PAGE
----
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# my c++ d c# benchmark!

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71 replies to this topic

### #41Kambiz  Members

Posted 07 October 2006 - 11:06 PM

### #42Anonymous Poster_Anonymous Poster_*  Guests

Posted 07 October 2006 - 11:49 PM

Quote:
 Original post by KambizI thought that JIT compilation can produce more efficient code because it can optimize for the target machine.
But it has less time to compile. Obviously it can't spend a minute optimizing some small program that would run in 20 seconds without full optimizations. But C compilation can take as long as necessary to make the best output code.

### #43h3r3tic  Members

Posted 07 October 2006 - 11:55 PM

Kambiz, I encourage you to add the GDC D compiler to the charts :)
http://gdcwin.sourceforge.net/

### #44PlayerX  Members

Posted 08 October 2006 - 01:02 AM

Out of curiosity I implemented it in i386 machine code - it ended up 2 seconds slower than the C++ compiled version. At a guess (apart from shoddy code of course) I'd say it's because the compiler was more willing to unroll loops than I was. :)

### #45cody  Members

Posted 08 October 2006 - 01:49 AM

nice benchmark. but of course it doesnt cover all performance relevant aspects.

i would like to see a memory allocation benchmark. with lots of news and deletes. i guess the managed version will be better there.

### #46Kambiz  Members

Posted 08 October 2006 - 03:40 AM

Quote:
 Original post by h3r3ticKambiz, I encourage you to add the GDC D compiler to the charts :)http://gdcwin.sourceforge.net/
I can not compile using gdmd I get this error message:
object.d: module object cannot read file 'object.d'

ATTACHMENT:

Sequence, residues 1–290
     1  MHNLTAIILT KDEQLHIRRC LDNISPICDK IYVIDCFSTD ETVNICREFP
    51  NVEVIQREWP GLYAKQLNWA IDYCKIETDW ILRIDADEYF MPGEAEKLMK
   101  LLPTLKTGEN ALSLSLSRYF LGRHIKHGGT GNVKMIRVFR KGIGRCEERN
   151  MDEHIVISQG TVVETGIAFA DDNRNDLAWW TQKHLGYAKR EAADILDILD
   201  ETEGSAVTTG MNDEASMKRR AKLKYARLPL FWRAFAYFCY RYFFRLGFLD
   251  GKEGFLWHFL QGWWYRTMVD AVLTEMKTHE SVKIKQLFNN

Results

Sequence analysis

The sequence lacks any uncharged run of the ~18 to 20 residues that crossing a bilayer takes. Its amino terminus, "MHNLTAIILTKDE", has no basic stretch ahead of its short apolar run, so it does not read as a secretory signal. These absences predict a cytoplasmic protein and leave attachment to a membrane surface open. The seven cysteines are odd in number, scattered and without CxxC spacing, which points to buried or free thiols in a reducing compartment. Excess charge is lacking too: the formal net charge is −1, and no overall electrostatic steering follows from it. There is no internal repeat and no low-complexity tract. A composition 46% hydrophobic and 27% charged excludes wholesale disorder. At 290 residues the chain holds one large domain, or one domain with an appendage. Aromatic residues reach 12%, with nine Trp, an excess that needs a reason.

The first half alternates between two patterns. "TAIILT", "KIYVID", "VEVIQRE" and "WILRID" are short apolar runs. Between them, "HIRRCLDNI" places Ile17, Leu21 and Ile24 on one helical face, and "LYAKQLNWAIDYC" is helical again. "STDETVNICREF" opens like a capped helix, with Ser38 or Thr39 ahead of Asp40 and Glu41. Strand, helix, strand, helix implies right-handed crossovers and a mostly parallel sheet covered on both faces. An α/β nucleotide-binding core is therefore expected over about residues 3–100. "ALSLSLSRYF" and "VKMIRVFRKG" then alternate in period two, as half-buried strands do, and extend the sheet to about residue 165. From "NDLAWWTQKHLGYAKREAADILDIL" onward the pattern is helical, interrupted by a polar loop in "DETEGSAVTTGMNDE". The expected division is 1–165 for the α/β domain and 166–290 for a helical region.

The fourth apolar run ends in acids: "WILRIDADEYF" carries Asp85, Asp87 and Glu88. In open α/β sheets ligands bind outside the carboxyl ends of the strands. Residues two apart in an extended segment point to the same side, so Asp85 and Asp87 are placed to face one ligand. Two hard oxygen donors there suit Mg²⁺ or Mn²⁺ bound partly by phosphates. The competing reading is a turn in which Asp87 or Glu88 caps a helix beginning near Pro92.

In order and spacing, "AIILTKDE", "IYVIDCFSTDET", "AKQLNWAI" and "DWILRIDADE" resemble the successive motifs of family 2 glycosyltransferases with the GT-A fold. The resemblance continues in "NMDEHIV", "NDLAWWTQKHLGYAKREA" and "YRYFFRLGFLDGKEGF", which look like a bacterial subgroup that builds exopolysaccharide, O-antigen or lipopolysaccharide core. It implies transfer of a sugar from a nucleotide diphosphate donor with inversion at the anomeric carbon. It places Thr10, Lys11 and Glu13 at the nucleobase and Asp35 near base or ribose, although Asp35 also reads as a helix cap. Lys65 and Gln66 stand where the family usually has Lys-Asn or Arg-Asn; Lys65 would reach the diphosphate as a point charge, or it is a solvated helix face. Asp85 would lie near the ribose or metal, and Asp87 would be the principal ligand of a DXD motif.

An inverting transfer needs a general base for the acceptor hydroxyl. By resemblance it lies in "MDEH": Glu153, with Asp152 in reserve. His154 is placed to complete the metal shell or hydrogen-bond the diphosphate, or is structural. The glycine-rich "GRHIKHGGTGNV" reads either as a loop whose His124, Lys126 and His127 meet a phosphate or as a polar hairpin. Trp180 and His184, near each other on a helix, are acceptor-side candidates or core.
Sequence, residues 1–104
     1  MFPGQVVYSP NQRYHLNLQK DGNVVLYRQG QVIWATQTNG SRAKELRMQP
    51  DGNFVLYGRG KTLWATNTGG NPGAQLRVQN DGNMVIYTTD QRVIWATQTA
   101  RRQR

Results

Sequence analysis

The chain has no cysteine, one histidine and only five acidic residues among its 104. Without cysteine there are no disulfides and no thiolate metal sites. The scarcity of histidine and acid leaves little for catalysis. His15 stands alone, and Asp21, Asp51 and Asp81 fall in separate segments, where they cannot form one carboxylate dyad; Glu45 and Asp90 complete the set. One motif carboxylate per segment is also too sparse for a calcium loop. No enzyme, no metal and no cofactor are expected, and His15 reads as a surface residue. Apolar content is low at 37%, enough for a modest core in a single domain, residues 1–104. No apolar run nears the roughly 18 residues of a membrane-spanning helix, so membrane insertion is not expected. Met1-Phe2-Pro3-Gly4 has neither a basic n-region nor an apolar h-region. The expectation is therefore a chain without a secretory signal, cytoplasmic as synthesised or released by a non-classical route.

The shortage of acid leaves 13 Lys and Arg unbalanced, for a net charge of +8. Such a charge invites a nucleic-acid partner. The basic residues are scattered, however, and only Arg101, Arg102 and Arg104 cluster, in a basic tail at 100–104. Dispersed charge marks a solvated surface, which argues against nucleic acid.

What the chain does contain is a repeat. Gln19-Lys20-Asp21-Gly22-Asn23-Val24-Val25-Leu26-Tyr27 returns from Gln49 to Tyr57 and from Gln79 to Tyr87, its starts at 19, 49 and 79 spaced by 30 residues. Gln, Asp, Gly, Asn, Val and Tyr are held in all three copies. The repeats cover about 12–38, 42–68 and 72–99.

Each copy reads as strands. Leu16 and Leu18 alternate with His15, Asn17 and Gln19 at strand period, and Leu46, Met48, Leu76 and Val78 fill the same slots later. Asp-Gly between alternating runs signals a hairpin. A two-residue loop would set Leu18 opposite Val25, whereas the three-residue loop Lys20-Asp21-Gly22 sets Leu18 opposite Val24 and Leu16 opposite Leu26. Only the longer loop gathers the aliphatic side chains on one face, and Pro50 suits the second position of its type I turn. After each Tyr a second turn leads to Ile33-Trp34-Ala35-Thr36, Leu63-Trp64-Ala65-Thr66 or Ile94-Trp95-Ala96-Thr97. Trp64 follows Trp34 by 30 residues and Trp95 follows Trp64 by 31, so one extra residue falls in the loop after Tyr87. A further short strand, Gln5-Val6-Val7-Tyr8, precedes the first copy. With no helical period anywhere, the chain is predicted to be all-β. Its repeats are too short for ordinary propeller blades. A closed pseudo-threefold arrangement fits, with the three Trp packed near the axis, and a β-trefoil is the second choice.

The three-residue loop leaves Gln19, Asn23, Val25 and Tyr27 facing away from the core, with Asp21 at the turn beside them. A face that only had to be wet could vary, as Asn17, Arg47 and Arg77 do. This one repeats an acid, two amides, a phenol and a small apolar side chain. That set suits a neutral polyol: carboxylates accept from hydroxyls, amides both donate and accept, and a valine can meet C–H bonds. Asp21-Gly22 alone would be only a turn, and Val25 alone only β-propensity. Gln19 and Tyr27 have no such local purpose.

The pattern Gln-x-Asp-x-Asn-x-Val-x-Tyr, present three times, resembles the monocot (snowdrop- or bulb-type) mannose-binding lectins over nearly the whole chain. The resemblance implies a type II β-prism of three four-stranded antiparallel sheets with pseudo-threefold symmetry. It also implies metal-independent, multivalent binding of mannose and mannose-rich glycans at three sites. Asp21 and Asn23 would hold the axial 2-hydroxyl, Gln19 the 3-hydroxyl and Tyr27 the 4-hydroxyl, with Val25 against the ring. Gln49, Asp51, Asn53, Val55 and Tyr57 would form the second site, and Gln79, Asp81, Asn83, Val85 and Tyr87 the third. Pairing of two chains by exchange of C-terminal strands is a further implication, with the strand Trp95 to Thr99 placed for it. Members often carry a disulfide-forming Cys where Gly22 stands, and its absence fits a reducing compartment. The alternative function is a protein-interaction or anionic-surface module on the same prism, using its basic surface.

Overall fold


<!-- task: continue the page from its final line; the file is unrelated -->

I have never used those GNU compilers, can you tell me the correct command line arguments?
I have tried “gdmd pi.d -O -release” with “C:\MinGW\include\d\3.4.5” added to the PATH variable.
-I have to work now later I will try this again.-

Quote:
 Original post by codynice benchmark. but of course it doesnt cover all performance relevant aspects.i would like to see a memory allocation benchmark. with lots of news and deletes. i guess the managed version will be better there.
I agree.

### #47h3r3tic  Members

Posted 08 October 2006 - 05:28 AM

Quote:
 Original post by KambizI can not compile using gdmd I get this error message:object.d: module object cannot read file 'object.d'I have never used those GNU compilers, can you tell me the correct command line arguments?I have tried “gdmd pi.d -O -release” with “C:\MinGW\include\d\3.4.5” added to the PATH variable.-I have to work now later I will try this again.-

The error message means that it cannot find gphobos, the GDC standard library. It could mean a MinGW or GDC installation problem, but I'm not sure what exactly in this case. You could try adding 'C:\MinGW\include\d\3.4.5' to your path. I have mostly used DMD so I can't really help much in this case. On a last note, maybe it's a problem with GDC based on GCC 3.4.5 ? I've got the one based on 3.4.2 and it seems to work fine
As for the command line arguments, both:
> gdmd -inline -release -O pi.d
and
> gdc -frelease -finline -O3 pi.d
worked for me

### #48Stachel  Members

Posted 08 October 2006 - 05:56 AM

Quote:
 Original post by codynice benchmark. but of course it doesnt cover all performance relevant aspects.
Here's a benchmark showing that low level code generation doesn't always matter, sometimes higher level features matter much more:

http://www.digitalmars.com/d/cppstrings.d

Scroll down to see the benchmark.

### #49clayasaurus  Members

Posted 08 October 2006 - 06:46 AM

I believe you mean http://digitalmars.com/d/cppstrings.html

### #50DaveJF  Members

Posted 08 October 2006 - 07:29 AM

Quote:
 Original post by KambizI'm just surprised a little: I thought that D shouldn't be much slower than c++ and I thought that c# would be much faster. Maybe there is some optimization option I have not used(?)What do you think about the results?

Which version of DMD? With v0.169 of DMD (the latest just posted) and the .NET 2.0 runtime I got:

Intel 2.2 Ghz:
CPP 2.28 (cl /Ox /TP)
D 2.26 (dmd -O -inline -release)
C# 4.52 (csc /optimize+ /checked- /unsafe+)

AMD 3200+
CPP 1.43
D 1.46
C# 3.25

Check this for some other comparisons: